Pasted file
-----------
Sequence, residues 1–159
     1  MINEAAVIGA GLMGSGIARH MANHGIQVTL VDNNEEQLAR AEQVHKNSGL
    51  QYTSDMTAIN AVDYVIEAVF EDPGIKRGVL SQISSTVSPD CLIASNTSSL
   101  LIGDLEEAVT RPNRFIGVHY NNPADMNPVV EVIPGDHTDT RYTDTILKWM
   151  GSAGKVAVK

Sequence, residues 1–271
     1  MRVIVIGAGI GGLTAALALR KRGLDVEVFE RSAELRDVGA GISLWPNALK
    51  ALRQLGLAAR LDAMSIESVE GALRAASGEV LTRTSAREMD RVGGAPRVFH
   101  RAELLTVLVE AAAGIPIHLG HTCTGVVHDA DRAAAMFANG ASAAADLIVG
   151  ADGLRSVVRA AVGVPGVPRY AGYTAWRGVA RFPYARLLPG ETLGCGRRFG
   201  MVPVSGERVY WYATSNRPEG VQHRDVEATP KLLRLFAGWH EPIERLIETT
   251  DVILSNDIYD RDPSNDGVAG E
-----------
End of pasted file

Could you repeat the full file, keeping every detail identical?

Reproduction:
Sequence, residues 1–159
     1  MINEAAVIGA GLMGSGIARH MANHGIQVTL VDNNEEQLAR AEQVHKNSGL
    51  QYTSDMTAIN AVDYVIEAVF EDPGIKRGVL SQISSTVSPD CLIASNTSSL
   101  LIGDLEEAVT RPNRFIGVHY NNPADMNPVV EVIPGDHTDT RYTDTILKWM
   151  GSAGKVAVK

Sequence, residues 1–271
     1  MRVIVIGAGI GGLTAALALR KRGLDVEVFE RSAELRDVGA GISLWPNALK
    51  ALRQLGLAAR LDAMSIESVE GALRAASGEV LTRTSAREMD RVGGAPRVFH
   101  RAELLTVLVE AAAGIPIHLG HTCTGVVHDA DRAAAMFANG ASAAADLIVG
   151  ADGLRSVVRA AVGVPGVPRY AGYTAWRGVA RFPYARLLPG ETLGCGRRFG
   201  MVPVSGERVY WYATSNRPEG VQHRDVEATP KLLRLFAGWH EPIERLIETT
   251  DVILSNDIYD RDPSNDGVAG E